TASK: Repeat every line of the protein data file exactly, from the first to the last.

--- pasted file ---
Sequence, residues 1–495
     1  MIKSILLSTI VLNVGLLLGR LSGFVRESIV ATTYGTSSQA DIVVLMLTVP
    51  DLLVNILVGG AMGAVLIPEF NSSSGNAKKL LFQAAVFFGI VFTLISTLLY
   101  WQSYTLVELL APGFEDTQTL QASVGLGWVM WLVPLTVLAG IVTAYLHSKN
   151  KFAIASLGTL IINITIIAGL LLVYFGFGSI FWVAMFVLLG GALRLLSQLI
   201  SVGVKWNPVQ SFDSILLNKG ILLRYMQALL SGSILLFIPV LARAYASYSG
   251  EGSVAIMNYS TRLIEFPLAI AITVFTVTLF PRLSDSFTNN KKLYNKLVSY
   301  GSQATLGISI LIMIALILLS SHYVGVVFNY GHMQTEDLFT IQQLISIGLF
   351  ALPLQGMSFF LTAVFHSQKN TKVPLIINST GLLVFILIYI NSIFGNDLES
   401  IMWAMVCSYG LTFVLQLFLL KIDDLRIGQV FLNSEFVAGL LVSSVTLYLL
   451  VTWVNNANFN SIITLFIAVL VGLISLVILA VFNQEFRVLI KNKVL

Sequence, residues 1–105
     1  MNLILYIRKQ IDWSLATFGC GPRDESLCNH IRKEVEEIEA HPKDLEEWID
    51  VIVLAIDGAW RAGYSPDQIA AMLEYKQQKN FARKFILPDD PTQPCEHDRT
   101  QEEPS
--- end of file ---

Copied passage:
Sequence, residues 1–495
     1  MIKSILLSTI VLNVGLLLGR LSGFVRESIV ATTYGTSSQA DIVVLMLTVP
    51  DLLVNILVGG AMGAVLIPEF NSSSGNAKKL LFQAAVFFGI VFTLISTLLY
   101  WQSYTLVELL APGFEDTQTL QASVGLGWVM WLVPLTVLAG IVTAYLHSKN
   151  KFAIASLGTL IINITIIAGL LLVYFGFGSI FWVAMFVLLG GALRLLSQLI
   201  SVGVKWNPVQ SFDSILLNKG ILLRYMQALL SGSILLFIPV LARAYASYSG
   251  EGSVAIMNYS TRLIEFPLAI AITVFTVTLF PRLSDSFTNN KKLYNKLVSY
   301  GSQATLGISI LIMIALILLS SHYVGVVFNY GHMQTEDLFT IQQLISIGLF
   351  ALPLQGMSFF LTAVFHSQKN TKVPLIINST GLLVFILIYI NSIFGNDLES
   401  IMWAMVCSYG LTFVLQLFLL KIDDLRIGQV FLNSEFVAGL LVSSVTLYLL
   451  VTWVNNANFN SIITLFIAVL VGLISLVILA VFNQEFRVLI KNKVL

Sequence, residues 1–105
     1  MNLILYIRKQ IDWSLATFGC GPRDESLCNH IRKEVEEIEA HPKDLEEWID
    51  VIVLAIDGAW RAGYSPDQIA AMLEYKQQKN FARKFILPDD PTQPCEHDRT
   101  QEEPS